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Although I’ve described this concept in a few posts over the past year, it’s time for me to dedicate some real discussion to the concept of individualizing treatment with the ERCC1 marker. ERCC1 stands for excision repair cross-complementing group 1, and it helps repair damage to DNA. Now, validated, reliable testing for ERCC1 in tumor tissue isn’t commercially available yet to my knowledge; the company Oncotech, some of whose work I described in a prior post, has made this test available as part of their package, but I don't think it's validated, while other companies like Response Genetics and Genzyme are also working on a test for commercial use. The interesting thing is that ERCC1 at high levels is associated with more favorable survival after surgery and in the absence of cisplatin-based treatment. Why? Because a strong ability to repair DNA damage means that it’s possible to slow or reverse the mutation-induced problems caused by a cancer. But on the other hand, cisplatin fights cancer by inflicting damage against DNA, so expression of ERCC1 suggests that it’s easier to reverse the effects of cisplatin. And in the setting of treating patients with cisplatin-based chemo, ERCC1 expression is associated with worse survival. Looking at the results of a large post-operative chemo trial called IALT, in which half of the more than 1800 enrolled patients received adjuvant cisplatin-based chemo and half did not (abstract here), an analysis of tumor tissue from 761 patients from the IALT trial (abstract here) showed that in patients who had tumors with low ERCC1 expression by immunohistochemistry (and called ERCC1-negative, comprising 56% of those sampled), predicting a less favorable natural history (what would happen without treatment) but also an inability to repair cisplatin-induced damage, patients did significantly better with chemo vs. observation alone after surgery (median survival 56 vs. 42 months).
(Click on image to enlarge)
Conversely, in those positive for ERCC1 expression, who would be expected to be able to repair damage leading to development of future cancer but also a greater likelihood of being able to counteract cisplatin-induced DNA damage against a tumor, people receiving cisplatin-based chemo did worse. This was actually not a statistically significant difference, though) than patients who were just watched (50 vs. 55 months):
Another report out of Korea (abstract here) confirmed that among 130 early stage NSCLC patients who did not receive adjuvant chemotherapy, ERCC1 expression was associated with a significantly longer survival than that seem among patients with ERCC1-negative cancers (90 vs. 47 months).
These findings for ERCC1 in early stage NSCLC are very interesting and somewhat problematic, because it’s not yet an available and approved test, but the results suggest that not only could using the test help refine our treatment plans, NOT using it could be associated with patients doing worse if they have ERCC1 positive cancers and receive chemo as a standard approach. The less favorable results on the IALT trial among patients with ERCC1-positive weren’t significantly worse, but perhaps these people really would do better either being observed or getting an alternative chemo strategy that doesn’t include cisplatin. We don't have any evidence either way on that idea.
For patients who are on the border for a recommendation to receive adjuvant cisplatin-based chemo, like those with stage IB cancers and older or marginal performance status patients who may not tolerate a post-operative cisplatin combination, having a test that can help us get off the fence and definitively recommend treatment or not would be very helpful. This testing might also help us identify people in a group, like stage I NSCLC, who might fall below the usual threshold for treating with chemo but who, with ERCC1-negative cancers, would be predicted to have a higher risk of recurrence and a greater sensitivity to cisplatin-based chemo. In fact, the Southwest Oncology Group is developing and close to activating a nationwide study like this that will submit tumor tissue for stage I (2 cm or larger) resected NSCLC tumor tissue to be tested for ERCC1, and then would treat those with ERCC1 negative cancers with cisplatin-based chemo but watch the others with ERCC1 positive cancers, who would be predicted to have lower risk and less benefit from cisplatin-based chemo.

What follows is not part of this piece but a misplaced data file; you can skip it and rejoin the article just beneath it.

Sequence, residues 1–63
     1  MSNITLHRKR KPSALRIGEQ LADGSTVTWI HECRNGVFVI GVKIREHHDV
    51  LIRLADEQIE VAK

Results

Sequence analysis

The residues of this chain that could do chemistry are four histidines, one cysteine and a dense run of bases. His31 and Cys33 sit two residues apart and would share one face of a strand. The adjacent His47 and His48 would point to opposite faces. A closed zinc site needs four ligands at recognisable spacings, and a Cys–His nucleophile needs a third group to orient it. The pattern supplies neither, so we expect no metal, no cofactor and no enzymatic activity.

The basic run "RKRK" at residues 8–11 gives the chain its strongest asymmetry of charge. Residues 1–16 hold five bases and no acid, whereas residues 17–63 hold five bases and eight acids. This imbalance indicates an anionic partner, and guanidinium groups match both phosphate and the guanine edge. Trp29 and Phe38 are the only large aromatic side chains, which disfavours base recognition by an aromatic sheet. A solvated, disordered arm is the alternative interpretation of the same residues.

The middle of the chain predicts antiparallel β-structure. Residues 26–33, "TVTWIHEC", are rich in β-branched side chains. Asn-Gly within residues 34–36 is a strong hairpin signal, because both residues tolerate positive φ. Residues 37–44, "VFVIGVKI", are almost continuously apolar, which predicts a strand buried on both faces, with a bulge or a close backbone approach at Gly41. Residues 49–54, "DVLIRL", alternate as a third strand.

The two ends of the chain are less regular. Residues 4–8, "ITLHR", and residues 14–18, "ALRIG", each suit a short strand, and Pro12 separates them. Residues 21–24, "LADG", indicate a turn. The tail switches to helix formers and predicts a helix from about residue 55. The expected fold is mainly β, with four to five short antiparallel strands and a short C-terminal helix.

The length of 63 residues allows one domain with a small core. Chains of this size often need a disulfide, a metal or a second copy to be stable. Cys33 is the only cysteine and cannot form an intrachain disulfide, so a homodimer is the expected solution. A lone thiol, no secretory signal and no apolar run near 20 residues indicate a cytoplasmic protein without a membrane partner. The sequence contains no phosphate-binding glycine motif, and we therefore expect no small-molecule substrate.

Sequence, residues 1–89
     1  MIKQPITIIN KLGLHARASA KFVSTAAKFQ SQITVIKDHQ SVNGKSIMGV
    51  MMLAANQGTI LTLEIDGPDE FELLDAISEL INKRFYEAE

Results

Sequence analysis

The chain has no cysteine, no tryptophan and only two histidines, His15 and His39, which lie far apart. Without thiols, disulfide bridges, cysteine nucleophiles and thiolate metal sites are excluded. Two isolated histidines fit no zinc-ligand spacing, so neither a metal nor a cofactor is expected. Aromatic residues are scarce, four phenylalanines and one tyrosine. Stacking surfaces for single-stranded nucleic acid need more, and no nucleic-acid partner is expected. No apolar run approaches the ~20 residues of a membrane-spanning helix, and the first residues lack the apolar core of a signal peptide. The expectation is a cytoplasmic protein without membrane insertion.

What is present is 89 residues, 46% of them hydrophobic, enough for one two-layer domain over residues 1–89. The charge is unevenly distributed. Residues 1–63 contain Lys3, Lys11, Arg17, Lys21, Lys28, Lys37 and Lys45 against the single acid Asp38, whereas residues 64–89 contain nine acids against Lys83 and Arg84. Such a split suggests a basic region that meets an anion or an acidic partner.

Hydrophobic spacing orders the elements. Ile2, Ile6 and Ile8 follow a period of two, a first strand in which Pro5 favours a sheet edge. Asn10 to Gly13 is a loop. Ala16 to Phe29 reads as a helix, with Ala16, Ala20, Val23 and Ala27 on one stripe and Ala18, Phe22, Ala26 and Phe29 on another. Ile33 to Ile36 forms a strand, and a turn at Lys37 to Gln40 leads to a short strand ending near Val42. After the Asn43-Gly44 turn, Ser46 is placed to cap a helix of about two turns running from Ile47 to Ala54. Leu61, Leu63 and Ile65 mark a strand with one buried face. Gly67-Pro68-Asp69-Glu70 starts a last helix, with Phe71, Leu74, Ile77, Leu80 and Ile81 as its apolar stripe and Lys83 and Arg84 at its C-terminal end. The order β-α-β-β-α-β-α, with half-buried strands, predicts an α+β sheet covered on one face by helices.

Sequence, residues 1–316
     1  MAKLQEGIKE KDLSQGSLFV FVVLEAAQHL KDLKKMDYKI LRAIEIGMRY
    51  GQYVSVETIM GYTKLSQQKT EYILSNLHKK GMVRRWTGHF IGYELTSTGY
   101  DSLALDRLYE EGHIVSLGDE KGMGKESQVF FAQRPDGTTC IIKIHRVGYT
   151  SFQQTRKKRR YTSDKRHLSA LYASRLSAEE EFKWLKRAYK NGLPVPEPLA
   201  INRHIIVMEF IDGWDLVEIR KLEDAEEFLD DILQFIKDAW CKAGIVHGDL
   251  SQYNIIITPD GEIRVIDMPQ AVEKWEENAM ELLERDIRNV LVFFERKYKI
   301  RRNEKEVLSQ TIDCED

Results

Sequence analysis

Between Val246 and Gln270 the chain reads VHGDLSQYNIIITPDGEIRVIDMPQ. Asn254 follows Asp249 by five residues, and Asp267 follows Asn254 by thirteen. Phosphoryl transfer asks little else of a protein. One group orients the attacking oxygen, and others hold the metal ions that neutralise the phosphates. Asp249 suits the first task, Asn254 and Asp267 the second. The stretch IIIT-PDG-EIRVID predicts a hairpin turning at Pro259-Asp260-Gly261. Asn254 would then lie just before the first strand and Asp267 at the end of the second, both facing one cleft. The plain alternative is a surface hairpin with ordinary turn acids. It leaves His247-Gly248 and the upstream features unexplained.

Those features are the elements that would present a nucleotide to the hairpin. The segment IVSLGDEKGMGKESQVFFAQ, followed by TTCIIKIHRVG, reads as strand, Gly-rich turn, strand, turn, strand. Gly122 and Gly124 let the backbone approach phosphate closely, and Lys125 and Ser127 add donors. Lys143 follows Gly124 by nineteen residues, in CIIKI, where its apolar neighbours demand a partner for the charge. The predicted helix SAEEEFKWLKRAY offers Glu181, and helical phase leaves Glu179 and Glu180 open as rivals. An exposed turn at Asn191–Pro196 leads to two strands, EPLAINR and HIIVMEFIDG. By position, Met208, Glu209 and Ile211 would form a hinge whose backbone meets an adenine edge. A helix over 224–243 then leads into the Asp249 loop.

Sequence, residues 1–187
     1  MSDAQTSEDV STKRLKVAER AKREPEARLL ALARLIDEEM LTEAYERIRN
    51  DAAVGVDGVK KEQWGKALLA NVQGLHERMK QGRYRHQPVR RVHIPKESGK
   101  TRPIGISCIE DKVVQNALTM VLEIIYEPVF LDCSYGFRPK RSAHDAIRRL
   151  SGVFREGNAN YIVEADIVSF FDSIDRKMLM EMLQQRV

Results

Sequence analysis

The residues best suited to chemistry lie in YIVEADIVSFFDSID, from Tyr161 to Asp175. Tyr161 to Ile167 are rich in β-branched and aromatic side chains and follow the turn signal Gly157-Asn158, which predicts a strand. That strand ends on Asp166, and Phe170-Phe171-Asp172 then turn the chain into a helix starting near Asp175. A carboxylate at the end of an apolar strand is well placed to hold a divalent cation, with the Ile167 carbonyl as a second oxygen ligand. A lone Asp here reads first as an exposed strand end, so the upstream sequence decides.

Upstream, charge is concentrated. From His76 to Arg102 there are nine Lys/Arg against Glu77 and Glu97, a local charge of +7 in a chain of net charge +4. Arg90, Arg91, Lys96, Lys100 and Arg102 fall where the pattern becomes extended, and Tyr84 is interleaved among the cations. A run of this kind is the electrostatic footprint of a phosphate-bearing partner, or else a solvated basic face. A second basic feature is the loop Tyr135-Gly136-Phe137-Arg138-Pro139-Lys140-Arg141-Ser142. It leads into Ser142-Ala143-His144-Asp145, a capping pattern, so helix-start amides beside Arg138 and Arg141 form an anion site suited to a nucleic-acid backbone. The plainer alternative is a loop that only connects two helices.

This approach involves treating patients who would probably not be treated otherwise. But another potential scenario is that if I learn that someone with a stage II NSCLC had an ERCC1-positive tumor, this suggests that they will have a favorable natural history and be resistant to cisplatin-based chemo, but the standard of care is to treat with that chemo. Should we really recommend less treatment than would be considered "standard" for people based on this test that appears very helpful and promising but hasn't really been incorporated into clinical trials. Right now, many of us might be more inclined to recommend more treatment than standard on the basis of ERCC1 testing, or to modify our recommendations in a borderline case. But recommending less treatment than we'd otherwise seems more potentially problematic to me.
Fortunately, ERCC1 is a hot topic, and we'll keep getting more information and, I suspect, some validated tests for clinical testing soon (although I'm afraid not soon enough for many members to benefit from it).
All of this discussion of high ERCC1 expression being associated with better survival is in the setting of early stage NSCLC, not treated with chemo. But for advanced lung cancer, high expression of ERCC1 in advanced NSCLC generally translates to worse outcomes, at least among patients who receive platinum-based chemo, which is the current standard of care. I’ll discuss more on that issue next.
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